August 1, 2016
I’ve just noticed that the Olympic Games are taking place once more. You know you’re getting older when it only seems like yesterday when I was watching the extravagant opening extravaganza of the 2012 games.
Although titled “The Official Munich Olympic Games Theme 1972?”, (released in the summer of 1972 by JK under the guise of “The Athletes Foot” on his own UK Records label), the question mark is obviously meant to be the disclaimer that, of course, it was in no way officially endorsed. In fact, I’m sure it was rather politically incorrect even back in 1972. The “cheerful games” are now mostly remembered for acts of violence and murder.
Anyway, lets not dwell on terrorism troubles of the past. Side one steals a tune that most will recognise and accompanied by marching boots JK sings stuff like “Though our brains are small, we’re still marching tall, super-conditioned for the final fray”. As usual, I head straight for the B side where, with either an act of genius or more probably out of laziness to quickly churn out some more “product”, JK just plays the A side sdrawkcab.
March 4, 2011
JK explains all on one of his infamous “b” sides.
“Bubblerock is here to stay” was the first LP released under JK’s own UK Records imprint as UKAL 1 in 1972. The idea was reasonably novel for the time. To cover famous pop songs of the (fairly recent) past, only giving them some unusual twist like Mr Tambourine man using lots of tambourines and Rock around the Clock as a waltz.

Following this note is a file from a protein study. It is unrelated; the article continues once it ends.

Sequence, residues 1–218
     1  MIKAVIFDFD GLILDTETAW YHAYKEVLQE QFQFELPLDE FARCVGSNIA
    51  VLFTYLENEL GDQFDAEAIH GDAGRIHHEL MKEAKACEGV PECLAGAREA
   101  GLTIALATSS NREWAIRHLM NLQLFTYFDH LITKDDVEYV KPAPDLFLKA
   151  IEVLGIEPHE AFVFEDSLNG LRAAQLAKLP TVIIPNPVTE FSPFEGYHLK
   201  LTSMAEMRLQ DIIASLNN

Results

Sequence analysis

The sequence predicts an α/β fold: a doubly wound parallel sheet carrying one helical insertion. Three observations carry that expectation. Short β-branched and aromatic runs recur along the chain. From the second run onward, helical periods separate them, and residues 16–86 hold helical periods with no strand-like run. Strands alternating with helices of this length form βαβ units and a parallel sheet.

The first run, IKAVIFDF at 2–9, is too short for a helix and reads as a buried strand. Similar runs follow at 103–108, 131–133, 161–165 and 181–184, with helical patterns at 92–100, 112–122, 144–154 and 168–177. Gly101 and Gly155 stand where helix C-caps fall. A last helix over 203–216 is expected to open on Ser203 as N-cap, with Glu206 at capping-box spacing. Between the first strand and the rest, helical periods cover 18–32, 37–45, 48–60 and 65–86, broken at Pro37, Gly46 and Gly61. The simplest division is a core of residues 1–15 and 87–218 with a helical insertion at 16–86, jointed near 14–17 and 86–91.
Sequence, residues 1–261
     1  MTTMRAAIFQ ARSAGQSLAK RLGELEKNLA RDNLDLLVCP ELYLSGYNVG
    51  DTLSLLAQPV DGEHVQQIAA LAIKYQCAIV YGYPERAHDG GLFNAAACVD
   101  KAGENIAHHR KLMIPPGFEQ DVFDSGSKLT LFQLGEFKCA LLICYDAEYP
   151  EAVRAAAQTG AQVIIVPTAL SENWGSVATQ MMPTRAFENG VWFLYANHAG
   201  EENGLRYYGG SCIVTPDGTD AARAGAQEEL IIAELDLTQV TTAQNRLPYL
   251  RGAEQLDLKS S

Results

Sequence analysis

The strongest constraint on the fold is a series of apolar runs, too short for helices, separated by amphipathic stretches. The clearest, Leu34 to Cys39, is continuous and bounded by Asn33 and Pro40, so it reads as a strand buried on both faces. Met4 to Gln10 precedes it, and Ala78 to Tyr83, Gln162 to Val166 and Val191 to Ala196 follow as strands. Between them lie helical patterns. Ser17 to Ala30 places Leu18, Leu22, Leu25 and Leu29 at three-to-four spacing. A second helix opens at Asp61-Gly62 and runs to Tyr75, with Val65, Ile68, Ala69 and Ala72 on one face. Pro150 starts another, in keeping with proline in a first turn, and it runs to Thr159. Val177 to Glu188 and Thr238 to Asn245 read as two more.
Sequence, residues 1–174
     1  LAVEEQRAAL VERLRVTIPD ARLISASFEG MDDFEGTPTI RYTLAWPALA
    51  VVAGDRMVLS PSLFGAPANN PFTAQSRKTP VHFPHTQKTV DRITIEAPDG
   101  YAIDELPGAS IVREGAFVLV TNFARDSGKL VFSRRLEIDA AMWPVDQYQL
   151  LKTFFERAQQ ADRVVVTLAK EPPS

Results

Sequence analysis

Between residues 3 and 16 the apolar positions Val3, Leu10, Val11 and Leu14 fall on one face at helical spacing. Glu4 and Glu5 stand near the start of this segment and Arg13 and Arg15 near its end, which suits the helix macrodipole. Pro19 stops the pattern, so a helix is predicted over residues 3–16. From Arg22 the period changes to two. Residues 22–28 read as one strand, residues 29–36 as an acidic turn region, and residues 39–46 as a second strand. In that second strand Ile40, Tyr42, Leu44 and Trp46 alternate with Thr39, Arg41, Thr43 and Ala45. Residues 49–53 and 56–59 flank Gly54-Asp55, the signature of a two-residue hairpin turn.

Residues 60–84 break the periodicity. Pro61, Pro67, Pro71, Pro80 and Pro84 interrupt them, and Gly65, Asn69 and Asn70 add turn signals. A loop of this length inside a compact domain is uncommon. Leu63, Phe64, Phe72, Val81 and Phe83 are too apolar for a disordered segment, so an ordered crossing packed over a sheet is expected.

PS: The cover was of course drawn by J.Edward Oliver.
May 15, 2009
The former radio and TV broadcaster, newspaper journalist and pop song producer Jonathan King also found time to record a few hundred pop songs himself. Quite a few actually made the UK pop music charts in the 1960s and 1970s. Ironically one of the best singles he ever recorded never made the BBC Top 40.
“Round Round” was released in the UK in 1967 on the Decca label and looking at this sheet music it was evidentally also released in the USA on the Parrot label (as had been his 1965 UK hit “Everyone’s Gone To the Moon”). This catchy song received considerable airplay on the offshore pirate radio stations of the time. It even featured in pirate Radio London’s Top 40. Perhaps the Beeb “banned” it because of the drug references it contained although it was saying that drugs were/are a bad thing.
“Round, round out of your mind.
You think you’re seeing things.
I know you’re blind.
A million bright colours
Explode in your head.
Today you’re just high.
Tomorrow you’re dead !!!”
JK often successfully covered American or European pop songs.(“Let it all Hang Out”, “Hooked on a Feeling”, “Flirt”, “Una Paloma Blanca” to name but a few.) But it is his own material found on “b” sides and LPs that I find the most interesting. Even the 1970s hits have been airbrushed out of the oldies radio stations playlists for various reasons that have nothing to do with even whether the music was good (sometimes), bad (sometimes) or diabolically bad (often). But if you see any singles in the charity shops that say sung by, produced directed or conceived by JK (often on his own UK label) give them a listen. You may be pleasantly surprised.